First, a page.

Tribute as Teaching Lesson: TEDx at CalTech | KCET
Tribute as Teaching Lesson: TEDx at CalTech
It may seem impossible that a conference with topics as far reaching as astronomy, nanotechnology, quantum physics, and an appearance by Stephen Hawking himself, could be overshadowed by the legacy of a university professor who died 22 years ago, but that's exactly what happened last Friday at CalTech's first ever TEDx event.
TEDx is a program allowing independent groups to create events similar to the exclusive TED conferences that feature multi-day lineups of high level speakers and presentations that have included Jane Goodall, Steve Jobs, Al Gore, and JJ Abrams.
TEDxCalTech operated on the same basic model, but with a framework built around the legendary Richard Feynman, a Nobel Prize winning physicist and popular CalTech professor who died of cancer in Los Angeles in 1988. Dubbed "Feynman's Vision: The Next 50 Years," the speakers at TEDx CalTech included numerous students and associated of the professor. While the professor is credited with helping develop the atom bomb and other scientific breakthroughs, the presentations referenced Feynman largely for his passion making science accessible and his passionate and addictive curiosity.
Feynman quotes were included in nearly every 10 minutes talk, while much of the day was devoted to a line found on his blackboard after he passed away: "What I cannot create, I do not understand."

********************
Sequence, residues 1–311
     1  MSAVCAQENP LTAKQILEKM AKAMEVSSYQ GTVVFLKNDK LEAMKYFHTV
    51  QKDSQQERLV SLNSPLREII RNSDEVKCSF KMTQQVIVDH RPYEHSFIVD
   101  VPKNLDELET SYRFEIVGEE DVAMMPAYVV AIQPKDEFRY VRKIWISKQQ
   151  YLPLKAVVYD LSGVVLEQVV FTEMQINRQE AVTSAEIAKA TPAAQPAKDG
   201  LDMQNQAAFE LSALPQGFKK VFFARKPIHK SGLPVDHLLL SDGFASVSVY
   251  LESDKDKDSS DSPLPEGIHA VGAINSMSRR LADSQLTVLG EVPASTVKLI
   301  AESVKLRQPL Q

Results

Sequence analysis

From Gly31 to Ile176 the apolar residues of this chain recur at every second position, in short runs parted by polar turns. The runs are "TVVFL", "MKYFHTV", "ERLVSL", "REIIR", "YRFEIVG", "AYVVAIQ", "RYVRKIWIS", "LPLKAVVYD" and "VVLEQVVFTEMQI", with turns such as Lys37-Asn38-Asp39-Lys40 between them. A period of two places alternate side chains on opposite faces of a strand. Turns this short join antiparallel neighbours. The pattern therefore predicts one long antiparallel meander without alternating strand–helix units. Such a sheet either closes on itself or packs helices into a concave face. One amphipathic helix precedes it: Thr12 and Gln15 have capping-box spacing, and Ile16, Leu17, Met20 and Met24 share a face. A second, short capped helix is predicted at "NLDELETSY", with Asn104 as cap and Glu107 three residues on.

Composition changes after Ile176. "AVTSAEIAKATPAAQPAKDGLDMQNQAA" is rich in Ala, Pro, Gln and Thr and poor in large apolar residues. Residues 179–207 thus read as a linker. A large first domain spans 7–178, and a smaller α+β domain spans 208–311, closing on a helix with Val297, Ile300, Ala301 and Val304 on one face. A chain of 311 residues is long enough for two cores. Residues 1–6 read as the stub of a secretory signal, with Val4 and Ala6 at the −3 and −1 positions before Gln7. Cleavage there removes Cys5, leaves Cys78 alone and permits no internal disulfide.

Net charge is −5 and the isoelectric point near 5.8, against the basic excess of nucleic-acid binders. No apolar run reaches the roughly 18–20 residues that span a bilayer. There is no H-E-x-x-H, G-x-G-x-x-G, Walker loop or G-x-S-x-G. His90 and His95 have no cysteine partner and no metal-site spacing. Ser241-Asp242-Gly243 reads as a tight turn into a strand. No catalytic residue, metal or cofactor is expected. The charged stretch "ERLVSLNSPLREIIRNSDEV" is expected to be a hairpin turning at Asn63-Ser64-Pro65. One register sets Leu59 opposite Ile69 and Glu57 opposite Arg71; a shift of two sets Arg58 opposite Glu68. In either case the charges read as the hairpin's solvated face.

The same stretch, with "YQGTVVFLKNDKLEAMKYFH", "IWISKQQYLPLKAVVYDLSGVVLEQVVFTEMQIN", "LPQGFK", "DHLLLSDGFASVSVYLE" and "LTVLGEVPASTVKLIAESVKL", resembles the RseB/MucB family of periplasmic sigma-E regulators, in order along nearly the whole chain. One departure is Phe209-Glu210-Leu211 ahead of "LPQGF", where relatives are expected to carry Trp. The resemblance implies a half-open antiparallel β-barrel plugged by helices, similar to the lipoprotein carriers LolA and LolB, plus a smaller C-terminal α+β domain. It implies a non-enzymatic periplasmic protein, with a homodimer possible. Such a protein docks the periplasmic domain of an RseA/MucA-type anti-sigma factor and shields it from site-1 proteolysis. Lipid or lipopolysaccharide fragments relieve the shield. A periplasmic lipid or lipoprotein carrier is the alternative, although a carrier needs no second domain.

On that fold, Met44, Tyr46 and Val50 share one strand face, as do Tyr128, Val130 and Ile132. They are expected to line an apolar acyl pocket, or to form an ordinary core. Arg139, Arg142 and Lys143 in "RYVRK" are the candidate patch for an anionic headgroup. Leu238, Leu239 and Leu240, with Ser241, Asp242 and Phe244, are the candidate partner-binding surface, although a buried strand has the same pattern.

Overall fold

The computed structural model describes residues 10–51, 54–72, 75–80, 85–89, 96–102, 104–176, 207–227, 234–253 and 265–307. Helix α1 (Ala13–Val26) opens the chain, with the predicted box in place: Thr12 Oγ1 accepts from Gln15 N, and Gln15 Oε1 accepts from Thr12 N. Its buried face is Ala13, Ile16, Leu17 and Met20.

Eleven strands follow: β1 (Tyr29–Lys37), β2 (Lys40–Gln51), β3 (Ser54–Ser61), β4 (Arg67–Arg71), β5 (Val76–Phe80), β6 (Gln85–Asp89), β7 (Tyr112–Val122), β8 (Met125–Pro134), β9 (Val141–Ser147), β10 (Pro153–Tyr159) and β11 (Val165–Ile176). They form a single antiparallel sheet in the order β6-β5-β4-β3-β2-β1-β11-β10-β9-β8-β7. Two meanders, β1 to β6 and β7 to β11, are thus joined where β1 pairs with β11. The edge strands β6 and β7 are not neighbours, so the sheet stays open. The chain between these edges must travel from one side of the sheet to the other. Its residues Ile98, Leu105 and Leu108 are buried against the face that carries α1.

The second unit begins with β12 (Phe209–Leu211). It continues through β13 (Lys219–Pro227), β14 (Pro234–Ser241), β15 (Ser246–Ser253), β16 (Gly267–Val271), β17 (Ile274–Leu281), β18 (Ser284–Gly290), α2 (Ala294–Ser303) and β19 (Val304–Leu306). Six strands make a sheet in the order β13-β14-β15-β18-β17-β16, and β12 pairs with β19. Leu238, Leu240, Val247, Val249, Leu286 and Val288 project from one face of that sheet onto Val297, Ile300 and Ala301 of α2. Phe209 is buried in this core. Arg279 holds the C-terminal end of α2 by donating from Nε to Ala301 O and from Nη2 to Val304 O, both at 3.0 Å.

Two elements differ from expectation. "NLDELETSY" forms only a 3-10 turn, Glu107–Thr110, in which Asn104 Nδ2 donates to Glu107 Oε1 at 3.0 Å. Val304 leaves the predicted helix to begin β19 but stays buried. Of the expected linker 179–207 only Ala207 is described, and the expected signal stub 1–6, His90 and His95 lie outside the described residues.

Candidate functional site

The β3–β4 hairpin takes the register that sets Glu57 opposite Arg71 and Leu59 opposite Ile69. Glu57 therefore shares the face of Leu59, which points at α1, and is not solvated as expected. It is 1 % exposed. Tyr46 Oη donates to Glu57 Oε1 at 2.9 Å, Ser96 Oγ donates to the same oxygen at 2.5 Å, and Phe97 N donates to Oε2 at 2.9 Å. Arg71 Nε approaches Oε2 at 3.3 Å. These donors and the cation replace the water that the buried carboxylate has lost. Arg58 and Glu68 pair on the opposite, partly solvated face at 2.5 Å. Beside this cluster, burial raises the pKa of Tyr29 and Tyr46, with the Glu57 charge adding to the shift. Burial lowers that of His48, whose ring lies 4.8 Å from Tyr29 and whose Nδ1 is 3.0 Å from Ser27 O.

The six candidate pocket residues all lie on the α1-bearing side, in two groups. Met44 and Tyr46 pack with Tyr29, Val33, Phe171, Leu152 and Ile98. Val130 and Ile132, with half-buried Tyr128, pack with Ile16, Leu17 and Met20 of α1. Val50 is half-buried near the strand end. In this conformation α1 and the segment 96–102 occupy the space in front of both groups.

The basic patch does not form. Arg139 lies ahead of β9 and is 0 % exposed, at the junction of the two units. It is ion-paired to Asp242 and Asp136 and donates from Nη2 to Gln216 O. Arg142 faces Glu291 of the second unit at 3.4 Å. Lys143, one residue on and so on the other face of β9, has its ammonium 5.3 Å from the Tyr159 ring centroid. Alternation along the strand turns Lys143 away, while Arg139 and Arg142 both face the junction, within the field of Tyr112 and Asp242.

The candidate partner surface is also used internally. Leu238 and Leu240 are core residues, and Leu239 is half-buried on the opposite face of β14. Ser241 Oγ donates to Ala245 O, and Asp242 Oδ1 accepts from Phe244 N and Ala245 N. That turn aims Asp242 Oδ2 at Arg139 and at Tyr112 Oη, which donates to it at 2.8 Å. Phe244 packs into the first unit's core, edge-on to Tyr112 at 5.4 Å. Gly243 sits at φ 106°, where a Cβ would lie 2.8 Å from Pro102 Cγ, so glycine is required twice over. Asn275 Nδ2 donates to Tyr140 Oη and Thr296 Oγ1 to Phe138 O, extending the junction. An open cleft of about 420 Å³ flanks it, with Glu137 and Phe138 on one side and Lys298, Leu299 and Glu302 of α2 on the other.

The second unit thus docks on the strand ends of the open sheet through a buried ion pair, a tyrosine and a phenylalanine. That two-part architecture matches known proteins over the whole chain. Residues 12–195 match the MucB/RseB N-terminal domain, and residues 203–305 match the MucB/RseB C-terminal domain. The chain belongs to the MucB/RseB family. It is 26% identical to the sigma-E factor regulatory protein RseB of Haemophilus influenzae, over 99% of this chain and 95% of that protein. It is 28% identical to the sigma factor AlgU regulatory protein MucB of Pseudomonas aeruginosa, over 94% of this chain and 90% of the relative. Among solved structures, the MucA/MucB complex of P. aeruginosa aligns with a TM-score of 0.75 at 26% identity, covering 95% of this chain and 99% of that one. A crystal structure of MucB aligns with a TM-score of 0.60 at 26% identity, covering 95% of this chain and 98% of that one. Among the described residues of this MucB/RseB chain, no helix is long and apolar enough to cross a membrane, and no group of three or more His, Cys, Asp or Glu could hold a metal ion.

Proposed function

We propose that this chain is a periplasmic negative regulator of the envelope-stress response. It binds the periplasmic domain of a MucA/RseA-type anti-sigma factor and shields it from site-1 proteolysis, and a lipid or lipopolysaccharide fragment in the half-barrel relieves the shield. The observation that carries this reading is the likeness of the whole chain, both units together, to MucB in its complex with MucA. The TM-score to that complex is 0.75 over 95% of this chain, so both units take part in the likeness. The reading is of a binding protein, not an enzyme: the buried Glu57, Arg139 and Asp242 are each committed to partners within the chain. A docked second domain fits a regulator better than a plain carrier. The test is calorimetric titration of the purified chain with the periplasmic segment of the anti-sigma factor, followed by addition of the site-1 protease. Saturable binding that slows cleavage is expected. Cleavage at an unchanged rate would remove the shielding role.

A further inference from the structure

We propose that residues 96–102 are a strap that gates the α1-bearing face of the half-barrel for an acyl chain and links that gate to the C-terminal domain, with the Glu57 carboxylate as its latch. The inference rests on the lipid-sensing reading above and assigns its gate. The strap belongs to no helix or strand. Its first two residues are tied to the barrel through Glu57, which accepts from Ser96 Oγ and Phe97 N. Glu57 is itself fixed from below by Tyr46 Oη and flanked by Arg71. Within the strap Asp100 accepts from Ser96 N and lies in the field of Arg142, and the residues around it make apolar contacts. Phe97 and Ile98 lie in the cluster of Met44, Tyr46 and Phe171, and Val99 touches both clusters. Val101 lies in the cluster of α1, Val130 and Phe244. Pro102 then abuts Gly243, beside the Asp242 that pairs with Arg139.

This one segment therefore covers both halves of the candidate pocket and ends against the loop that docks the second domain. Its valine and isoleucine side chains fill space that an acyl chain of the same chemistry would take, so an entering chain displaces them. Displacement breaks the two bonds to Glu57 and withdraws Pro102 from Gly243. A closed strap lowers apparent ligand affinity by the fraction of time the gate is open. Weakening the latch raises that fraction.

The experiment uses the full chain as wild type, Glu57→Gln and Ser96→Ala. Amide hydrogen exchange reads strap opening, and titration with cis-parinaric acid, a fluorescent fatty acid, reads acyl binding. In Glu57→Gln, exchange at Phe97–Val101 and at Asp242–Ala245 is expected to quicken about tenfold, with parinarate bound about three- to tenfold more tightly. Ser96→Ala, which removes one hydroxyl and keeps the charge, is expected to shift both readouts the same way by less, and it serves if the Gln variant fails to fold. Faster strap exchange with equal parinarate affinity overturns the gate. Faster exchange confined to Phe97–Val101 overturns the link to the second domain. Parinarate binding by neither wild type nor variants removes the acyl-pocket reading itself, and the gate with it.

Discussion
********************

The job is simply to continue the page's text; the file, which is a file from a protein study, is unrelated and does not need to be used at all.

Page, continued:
Microsoft's Bill Gates, whose appearance was pre-recorded, told about how he and a college buddy were searching for a movie to kick back and watch, and stumbled onto a filmed lecture Freyman had given on physics. A lecture! Gates said they were so engrossed they watched the film multiple times, then sought out more in what they discovered was a series.
Gates has since taken these films and made the Feynman Lectures available online, free, through the Microsoft Tuva project. (note: the lectures appear to only be able to viewed on Internet Explorer).
The name for the Tuva project comes from Freyman's well known obsession with the former Asian country, which was the subject of another on stage performance by a Feynman reenactor, dressed in traditional Tuvan clothing. After speaking about his love for the exotic country, the Feynman reenactor introduced a Tuvan musician, who demonstrated his ability to sing two notes at once.
During a "Who Wants To Be A Millionaire" style sketch, if the question wasn't about Freyman, then the answer was usually a quote attributed to him. When the contestants, stumped on one question, used the "phone a friend" lifeline, they called on Stephen Hawking. Speaking to Freyman's clout, Hawking didn't just phone it in - he made a surprise appearance in the auditorium. The standing ovation by the surprised audience was longer than his actual appearance. (Hawking appeared at CalTech a few days later, as KCET's Richie Duchon wrote.)
Physicist Don Eigler said that while utilizing a microscope to view atoms, he discovered he could use the instrument to actually move the small items as he wished. He was spooked when, soon thereafter, he stumbled onto writings by Feynman speculating that manually moving around atoms was entirely possible, in spite of previous scientific assumptions.
Towards the end, Danny Hillis told a story that summed up one of Freyman's greatest visions pertaining to his own legacy. Taking a walk with the professor, nearing the end of his battle with cancer, Hills recalled Feynman saying that he was comforted by knowing that long after he was gone his presence would still be felt. There was no better theorem for this than TEDx CalTech.
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